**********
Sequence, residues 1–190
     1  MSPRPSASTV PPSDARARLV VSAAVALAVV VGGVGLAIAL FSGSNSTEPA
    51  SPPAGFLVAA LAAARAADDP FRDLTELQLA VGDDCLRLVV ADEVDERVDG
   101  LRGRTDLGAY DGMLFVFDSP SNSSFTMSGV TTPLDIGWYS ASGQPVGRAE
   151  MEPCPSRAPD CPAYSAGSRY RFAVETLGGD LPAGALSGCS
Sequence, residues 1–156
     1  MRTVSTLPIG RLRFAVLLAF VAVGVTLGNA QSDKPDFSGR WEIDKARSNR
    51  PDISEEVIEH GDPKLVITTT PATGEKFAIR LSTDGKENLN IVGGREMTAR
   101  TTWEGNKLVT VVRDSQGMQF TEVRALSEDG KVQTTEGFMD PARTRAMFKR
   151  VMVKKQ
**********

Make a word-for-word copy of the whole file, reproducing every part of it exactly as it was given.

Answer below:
Sequence, residues 1–190
     1  MSPRPSASTV PPSDARARLV VSAAVALAVV VGGVGLAIAL FSGSNSTEPA
    51  SPPAGFLVAA LAAARAADDP FRDLTELQLA VGDDCLRLVV ADEVDERVDG
   101  LRGRTDLGAY DGMLFVFDSP SNSSFTMSGV TTPLDIGWYS ASGQPVGRAE
   151  MEPCPSRAPD CPAYSAGSRY RFAVETLGGD LPAGALSGCS
Sequence, residues 1–156
     1  MRTVSTLPIG RLRFAVLLAF VAVGVTLGNA QSDKPDFSGR WEIDKARSNR
    51  PDISEEVIEH GDPKLVITTT PATGEKFAIR LSTDGKENLN IVGGREMTAR
   101  TTWEGNKLVT VVRDSQGMQF TEVRALSEDG KVQTTEGFMD PARTRAMFKR
   151  VMVKKQ